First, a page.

Plans progress for De Soto bond vote
De Soto USD 232 Board of Education members want a seventh elementary school and expansions to Mill Valley and De Soto High Schools on the district's next bond referendum.
The board unanimously approved at a special meeting Monday to direct the administration to obtain more information on the cost of expanding the high schools and building a seventh elementary school on land the district owns at 55th Street and Belmont Drive in Shawnee, west of Kansas Highway 7. The board is considering placing a bond referendum before voters in November.
The board voted 5-2 to direct the administration to use Hollis & Miller Architects to update the scope of work already completed by the firm and to determine cost estimates for the three projects.
Board members Tim Blankenship and Bill Fletcher dissented.
Before the board made its decision, Superintendent Sharon Zoellner emphasized the need to keep project costs around $60 million on the next bond referendum because that is what patrons indicated they would support on the district's recent survey.
"We saw the highest return for results for us is at the lowest level," she said.
Blankenship said he thought patrons would support a low-cost bond referendum with high school expansions and a seventh elementary school.
"I think they will support it when they understand the need and the negative impact to students' education without it," he said.
The decision came after board members individually prioritized projects and specified if they wanted to pay for them out of capital outlay, the 2008 bond referendum, a future bond referendum or if they wanted to remove the projects from the list.
Board members went through their prioritized projects to find out where they agreed.
All board members agreed that Starside and Clear Creek elementary school expansions, which will be needed by the 2009-10 school year, should come out of capital outlay. Starside expansions are estimated to cost $2 million and Clear Creek expansions are estimated to cost $1.25 million.
Jim Thomas was the sole board member who did not initially agree with putting a building expansion to Mill Valley High School on a 2008 bond referendum.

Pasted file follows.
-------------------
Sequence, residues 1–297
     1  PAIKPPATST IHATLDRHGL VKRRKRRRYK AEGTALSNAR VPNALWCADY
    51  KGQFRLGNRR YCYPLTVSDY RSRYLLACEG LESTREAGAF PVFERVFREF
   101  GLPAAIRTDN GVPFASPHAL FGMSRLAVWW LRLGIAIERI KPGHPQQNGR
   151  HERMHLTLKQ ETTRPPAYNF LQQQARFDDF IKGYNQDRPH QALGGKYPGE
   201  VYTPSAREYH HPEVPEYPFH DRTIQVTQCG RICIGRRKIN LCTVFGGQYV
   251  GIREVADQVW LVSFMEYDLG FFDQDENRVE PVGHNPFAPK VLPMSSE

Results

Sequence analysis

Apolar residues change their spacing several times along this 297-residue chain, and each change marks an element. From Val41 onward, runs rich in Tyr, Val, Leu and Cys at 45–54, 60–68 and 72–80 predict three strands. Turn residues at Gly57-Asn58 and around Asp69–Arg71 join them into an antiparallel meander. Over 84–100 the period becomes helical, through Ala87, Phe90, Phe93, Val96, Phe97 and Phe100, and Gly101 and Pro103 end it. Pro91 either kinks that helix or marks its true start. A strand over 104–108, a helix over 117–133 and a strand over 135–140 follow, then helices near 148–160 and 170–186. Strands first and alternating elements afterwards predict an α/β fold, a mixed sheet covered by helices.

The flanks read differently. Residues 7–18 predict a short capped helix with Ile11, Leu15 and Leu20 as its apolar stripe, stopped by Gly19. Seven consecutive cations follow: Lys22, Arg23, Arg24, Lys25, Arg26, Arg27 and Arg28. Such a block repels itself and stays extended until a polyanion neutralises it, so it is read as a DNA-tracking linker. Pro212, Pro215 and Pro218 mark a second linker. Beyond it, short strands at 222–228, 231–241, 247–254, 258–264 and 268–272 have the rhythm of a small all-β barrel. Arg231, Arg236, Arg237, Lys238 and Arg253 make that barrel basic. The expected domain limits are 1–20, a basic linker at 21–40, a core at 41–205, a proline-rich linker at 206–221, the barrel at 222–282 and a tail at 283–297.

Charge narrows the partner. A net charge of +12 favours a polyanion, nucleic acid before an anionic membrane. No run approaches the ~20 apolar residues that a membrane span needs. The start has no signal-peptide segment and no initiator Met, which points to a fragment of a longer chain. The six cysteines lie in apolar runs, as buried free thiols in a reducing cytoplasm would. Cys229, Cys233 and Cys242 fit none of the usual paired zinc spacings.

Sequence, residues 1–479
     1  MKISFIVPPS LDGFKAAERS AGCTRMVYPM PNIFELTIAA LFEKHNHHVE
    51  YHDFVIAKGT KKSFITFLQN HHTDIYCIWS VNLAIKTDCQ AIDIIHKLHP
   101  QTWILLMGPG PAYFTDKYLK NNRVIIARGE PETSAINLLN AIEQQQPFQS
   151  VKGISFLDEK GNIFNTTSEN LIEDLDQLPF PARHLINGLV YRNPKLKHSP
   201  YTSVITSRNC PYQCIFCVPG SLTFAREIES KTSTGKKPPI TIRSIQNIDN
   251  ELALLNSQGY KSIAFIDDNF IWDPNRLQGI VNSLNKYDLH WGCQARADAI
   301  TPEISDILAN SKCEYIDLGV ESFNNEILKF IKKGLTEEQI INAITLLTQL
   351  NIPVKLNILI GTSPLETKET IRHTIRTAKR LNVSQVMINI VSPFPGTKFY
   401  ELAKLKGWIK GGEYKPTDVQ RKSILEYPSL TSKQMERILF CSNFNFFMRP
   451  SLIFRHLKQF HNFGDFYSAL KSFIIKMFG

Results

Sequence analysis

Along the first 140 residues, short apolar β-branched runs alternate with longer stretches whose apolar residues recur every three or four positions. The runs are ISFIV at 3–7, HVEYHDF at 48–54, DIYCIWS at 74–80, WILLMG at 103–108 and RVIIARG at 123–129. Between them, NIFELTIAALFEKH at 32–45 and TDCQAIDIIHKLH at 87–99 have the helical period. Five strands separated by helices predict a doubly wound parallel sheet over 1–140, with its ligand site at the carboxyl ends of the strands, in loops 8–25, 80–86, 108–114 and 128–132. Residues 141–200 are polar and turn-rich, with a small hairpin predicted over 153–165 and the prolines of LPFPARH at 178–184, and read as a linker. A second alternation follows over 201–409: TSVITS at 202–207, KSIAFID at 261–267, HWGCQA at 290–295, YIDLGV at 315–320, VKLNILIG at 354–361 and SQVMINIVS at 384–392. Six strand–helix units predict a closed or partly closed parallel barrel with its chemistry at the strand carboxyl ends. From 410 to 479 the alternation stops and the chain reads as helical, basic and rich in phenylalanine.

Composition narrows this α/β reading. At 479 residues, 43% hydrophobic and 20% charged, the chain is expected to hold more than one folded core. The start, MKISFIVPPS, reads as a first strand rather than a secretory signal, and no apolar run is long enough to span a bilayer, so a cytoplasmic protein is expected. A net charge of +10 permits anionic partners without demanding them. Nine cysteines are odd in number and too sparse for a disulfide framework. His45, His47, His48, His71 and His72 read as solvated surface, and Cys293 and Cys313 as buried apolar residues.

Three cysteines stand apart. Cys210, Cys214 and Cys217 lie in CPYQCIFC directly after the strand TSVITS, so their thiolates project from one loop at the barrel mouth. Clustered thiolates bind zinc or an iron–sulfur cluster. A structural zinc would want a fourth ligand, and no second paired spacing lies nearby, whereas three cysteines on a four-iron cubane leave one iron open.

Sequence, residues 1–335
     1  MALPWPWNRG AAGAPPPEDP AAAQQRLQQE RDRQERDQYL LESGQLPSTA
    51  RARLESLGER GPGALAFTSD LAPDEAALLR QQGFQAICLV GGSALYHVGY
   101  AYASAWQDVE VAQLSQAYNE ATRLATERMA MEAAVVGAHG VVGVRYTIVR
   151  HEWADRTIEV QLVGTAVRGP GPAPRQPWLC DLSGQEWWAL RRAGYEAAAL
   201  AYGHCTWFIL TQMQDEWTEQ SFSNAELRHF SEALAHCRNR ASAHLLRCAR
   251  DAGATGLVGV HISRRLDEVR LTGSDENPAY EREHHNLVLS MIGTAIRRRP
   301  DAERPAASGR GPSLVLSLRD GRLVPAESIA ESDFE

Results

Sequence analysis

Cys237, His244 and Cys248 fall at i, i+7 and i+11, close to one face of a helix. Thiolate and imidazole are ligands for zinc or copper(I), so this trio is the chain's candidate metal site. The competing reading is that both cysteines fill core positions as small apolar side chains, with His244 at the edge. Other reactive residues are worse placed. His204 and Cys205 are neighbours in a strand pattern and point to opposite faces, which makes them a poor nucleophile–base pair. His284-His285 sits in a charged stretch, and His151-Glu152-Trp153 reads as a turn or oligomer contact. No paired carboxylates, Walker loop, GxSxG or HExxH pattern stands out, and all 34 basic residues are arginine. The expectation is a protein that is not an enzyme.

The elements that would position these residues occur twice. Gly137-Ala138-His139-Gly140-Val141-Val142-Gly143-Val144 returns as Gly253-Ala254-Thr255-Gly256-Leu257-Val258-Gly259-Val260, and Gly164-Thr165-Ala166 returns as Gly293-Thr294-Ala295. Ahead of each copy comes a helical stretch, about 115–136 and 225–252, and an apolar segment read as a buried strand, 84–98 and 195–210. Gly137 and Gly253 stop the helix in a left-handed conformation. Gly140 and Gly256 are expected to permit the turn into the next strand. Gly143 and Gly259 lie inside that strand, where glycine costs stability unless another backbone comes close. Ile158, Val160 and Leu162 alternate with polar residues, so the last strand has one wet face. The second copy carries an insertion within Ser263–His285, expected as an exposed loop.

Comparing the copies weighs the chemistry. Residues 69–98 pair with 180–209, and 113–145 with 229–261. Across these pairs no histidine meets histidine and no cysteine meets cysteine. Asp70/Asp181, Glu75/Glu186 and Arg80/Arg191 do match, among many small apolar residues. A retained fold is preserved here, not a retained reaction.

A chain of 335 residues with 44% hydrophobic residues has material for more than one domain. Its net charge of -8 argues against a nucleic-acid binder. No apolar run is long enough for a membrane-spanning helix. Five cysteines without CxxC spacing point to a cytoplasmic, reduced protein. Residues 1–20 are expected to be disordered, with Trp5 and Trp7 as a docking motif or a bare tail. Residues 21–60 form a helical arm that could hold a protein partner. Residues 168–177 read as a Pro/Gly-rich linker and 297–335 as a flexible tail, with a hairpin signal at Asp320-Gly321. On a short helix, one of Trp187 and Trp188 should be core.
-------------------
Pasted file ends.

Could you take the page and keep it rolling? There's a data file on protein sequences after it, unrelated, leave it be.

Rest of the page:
"To me that is an educational issue," Thomas said. "On principle, we built the high school with the capacity of 1,000 because that is in the best interest of the educational needs of our kids."
Board member Don Clark asked Thomas if he would accept a bond referendum with an addition on it.
By the end of the discussion, Thomas agreed, but he noted that he was unhappy with straying from the district's plan of keeping its high schools at a capacity of 1,000 students.
Blankenship said he thought moving forward with expansions instead of building a third high school was the best option for patrons.
"I think the survey showed that more people were interested in the expansions," he said. "I think that coupled with the fact that it allows students who live closer to Mill Valley to stay at Mill Valley that it's a better decision. I think that we have effective enough administration and teachers to not let the quality of education fall."
Board members also initially differed on whether they should expand Mize and Horizon elementary schools before building a seventh elementary school.
District facilities director Denis Johnson earlier in the meeting presented two plans, one included expanding Mize and Horizon in 2010-11 and one included building a seventh elementary school in 2010-11.
Johnson said if Mize and Horizon additions were completed in 2010-11, a seventh elementary school would be needed in 2011-12.
He said the district could buy time and save money now by building the seventh elementary school in 2010-11 because expansions to Horizon wouldn't be needed until 2013-14 and Mize additions wouldn't be needed until 2015-16.
Johnson also said waiting until the future to expand Mize and Horizon could allow for other funding options.
"Leaving Mize and Horizon off, too, makes us more likely to be able to do them out of capital outlay," he said.
Zoellner said using capital outlay for smaller projects may be helpful to taxpayers.
"Economically for the district patrons as we discussed it would be better to pay for those short-term projects out of capital outlay because it would be short-term and then it would be done."
District administration will present cost information and details about what could go in to the building expansions and seventh elementary school at the board's April 21 meeting.
The next school board meeting will be at 7 p.m. April 7 at the District Administrative Building, 35200 W. 91st St., De Soto.